Plans to compel social media platforms to tackle online harms are not fit for purpose according to a new poll of IT experts.
The Online Safety Bill would put a duty on tech giants like Facebook and Google to develop systems to identify and remove illegal material, as well as deal with content that is harmful to adults and children. Ofcom would enforce this as the regulator.
Only 14% of tech professionals believed the legislation was ‘fit for purpose’, according to the survey by BCS, The Chartered Institute for IT.
Some 46% said the bill was not workable, with the rest unsure.
Freedom of speech
The legislation would have a negative effect on freedom of speech, most IT specialists (58%) told BCS.
Only 19% felt the measures proposed would make the internet safer, with 51% saying the law would not make it safer to be online.
There were nearly 1,300 responses from tech professionals to the survey by BCS.
Legal but harmful content
The government has stressed the bill does not require removal of legal content; but larger platforms must set out how ‘priority content that is harmful to adults’ – such as suicide related material - is dealt with by their service.
This could include specifying that the content would be removed, or deprioritising it in news feeds or simply making it clear what content is freely accessible. Types of harmful content will be specified by parliament; platforms must also take steps not to limit freedom of speech.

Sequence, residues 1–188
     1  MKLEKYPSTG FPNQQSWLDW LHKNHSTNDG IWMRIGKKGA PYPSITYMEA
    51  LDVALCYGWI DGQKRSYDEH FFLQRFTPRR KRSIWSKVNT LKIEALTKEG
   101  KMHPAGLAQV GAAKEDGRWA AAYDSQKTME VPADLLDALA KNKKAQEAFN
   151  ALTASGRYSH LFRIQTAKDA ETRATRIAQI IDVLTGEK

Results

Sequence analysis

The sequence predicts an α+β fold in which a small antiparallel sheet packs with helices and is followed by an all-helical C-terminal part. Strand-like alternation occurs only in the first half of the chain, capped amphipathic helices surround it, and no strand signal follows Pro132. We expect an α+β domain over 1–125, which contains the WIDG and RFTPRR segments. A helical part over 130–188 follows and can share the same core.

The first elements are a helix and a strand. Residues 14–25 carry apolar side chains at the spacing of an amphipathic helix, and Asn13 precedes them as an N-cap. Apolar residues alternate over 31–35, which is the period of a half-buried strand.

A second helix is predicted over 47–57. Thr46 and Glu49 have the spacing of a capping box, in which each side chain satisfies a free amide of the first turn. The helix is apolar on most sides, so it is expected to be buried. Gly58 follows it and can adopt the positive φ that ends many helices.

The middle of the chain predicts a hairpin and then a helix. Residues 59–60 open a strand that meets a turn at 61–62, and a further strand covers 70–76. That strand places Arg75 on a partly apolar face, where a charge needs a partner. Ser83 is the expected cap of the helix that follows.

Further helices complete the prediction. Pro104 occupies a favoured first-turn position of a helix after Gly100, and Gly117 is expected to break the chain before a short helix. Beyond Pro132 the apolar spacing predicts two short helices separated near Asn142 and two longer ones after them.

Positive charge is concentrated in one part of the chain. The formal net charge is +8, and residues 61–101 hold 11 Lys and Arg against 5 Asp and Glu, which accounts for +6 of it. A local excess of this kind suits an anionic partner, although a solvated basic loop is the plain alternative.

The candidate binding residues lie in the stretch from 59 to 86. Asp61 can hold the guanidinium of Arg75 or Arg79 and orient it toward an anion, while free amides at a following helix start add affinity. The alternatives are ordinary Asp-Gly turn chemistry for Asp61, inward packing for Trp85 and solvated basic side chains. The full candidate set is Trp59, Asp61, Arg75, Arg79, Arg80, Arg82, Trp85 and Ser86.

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Just 9% of IT specialists polled said they were confident that ‘legal but harmful content’ could be effectively and proportionately removed.
Some 74% of tech specialists said they felt the bill would do nothing to stop the spread of disinformation and fake news.
Just one quarter (25%) felt it was realistic for Ofcom to ask platforms to ‘develop or source’ accurate technology to detect sexual abuse material; 57% said it was not.
The Online Safety Bill is now due to return to parliament after the new Prime Minister is chosen on 5 September.
Legislation needs ‘fundamental review’
Rob Deri, Chief Executive of BCS, The Chartered Institute for IT said: “There is real need to prevent online harm, but this law only goes part way to trying to achieve that. The aim should be to prevent hatred and abusive online behaviours, by stopping harmful material appearing online in the first place – and that takes a mix of both technical and societal changes.
“A new Prime Minister should take the opportunity to fundamentally review the Online Safety Bill in its current form.
“The technology itself has an important part to play in keeping people safe on social media platforms. However, the Bill leans too heavily on tech solutions to prevent undesirable content, which can’t be relied upon to do that well enough, and could affect freedom of speech and privacy in ways that are unacceptable in a democratic society.
“The legislation should also focus on substantive programmes of digital education and advice, so that young people and their parents can confidently navigate the risks of social media throughout their lives.”
About the survey:
This report was generated on 02/08/2022. Overall, 1296 members of BCS, The Chartered Institute for IT completed the poll during the period 21/07 to 02/08 2022.